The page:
This article’s methodology draws on the work of D.A. Brading, The First America: The Spanish Monarchy, Creole Patriots, and the Liberal State 1492-1867 (Cambridge, 1991)Google Scholar
  10. 6a.
    Antonello Gerbi, The Dispute of the New World: The History of a Polemic 1750- 1900. trans. Jeremy Moyle (Pittsburgh, 1973)Google Scholar
  11. 6b.
    Anthony Pagden, Lords of All the World: Ideologies of Empire in Spain, Britain, and France 1500-1800 (New Haven, 1995)Google Scholar
  12. 6c.
    Mario Rodriguez, ’William Burke’ and Francisco de Miranda: The Word and Deed in Spanish American Emancipation (London and New York, 1994)Google Scholar
  13. 6d.
    John Lynch, ed., Andrés Bello: The London Years (Richmond, 1982).Google Scholar
  14. 7.
    Robinson and Gallagher, Africa and the Victorians: the Official Mind of Imperialism (London, 1961), 25, 26Google Scholar
  15. 7a.
    Paul Kennedy, ‘El Imperio ‘Cautivo” El Pais, 19 July 2003.Google Scholar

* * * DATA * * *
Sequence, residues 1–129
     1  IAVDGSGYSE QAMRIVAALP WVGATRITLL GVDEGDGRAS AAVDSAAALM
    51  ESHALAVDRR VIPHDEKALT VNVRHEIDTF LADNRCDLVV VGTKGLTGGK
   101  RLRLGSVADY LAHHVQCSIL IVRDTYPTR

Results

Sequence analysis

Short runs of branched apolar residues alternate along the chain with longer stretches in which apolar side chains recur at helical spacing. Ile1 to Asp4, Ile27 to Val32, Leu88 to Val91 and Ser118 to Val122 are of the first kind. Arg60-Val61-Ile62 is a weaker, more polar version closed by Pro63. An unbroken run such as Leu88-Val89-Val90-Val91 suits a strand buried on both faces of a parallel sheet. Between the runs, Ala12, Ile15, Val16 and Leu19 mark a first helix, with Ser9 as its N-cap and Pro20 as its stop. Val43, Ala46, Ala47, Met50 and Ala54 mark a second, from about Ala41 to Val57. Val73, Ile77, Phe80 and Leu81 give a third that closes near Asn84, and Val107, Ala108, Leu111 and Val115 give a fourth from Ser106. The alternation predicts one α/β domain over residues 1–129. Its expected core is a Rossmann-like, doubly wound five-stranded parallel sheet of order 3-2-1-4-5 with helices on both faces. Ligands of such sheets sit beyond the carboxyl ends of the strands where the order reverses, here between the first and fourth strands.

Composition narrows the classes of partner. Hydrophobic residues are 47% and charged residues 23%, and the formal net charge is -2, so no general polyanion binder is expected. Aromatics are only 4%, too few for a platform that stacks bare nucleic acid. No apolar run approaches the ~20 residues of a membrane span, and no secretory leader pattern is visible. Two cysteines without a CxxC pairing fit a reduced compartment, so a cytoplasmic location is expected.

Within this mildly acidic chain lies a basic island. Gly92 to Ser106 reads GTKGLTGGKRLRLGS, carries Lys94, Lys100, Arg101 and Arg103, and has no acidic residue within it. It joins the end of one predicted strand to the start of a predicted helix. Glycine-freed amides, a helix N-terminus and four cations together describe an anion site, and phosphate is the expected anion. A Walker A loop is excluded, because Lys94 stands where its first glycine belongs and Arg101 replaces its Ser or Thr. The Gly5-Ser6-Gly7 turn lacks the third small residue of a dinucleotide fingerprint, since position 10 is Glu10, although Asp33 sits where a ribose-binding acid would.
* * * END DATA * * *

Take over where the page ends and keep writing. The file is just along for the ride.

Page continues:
16. 8.
    Roger Coke, A Discourse of Trade (London, 1670), part I, 46.Google Scholar
  17. 9.
    Sir William Petty, Political Arithmetick, or a Discourse (London, 1691), 88.Google Scholar
  18. 10.
    [Josiah Child], A Discourse About Trade (London, 1668, 1690), 94–95.Google Scholar
  19. 11.
    Charles Davenant, Discourses on the Publick Revenues and on the Trade of England (London, 1698), part II, 207, 252; on Davenant, see Istvan Hont, ‘Free Trade and the Economic Limits to National Politics: Neo-Machiavellian Political Economy Reconsidered’ in John Dunn, ed. The Economic Limits to Modern Politics (Cambridge, 1990), 70, 72.Google Scholar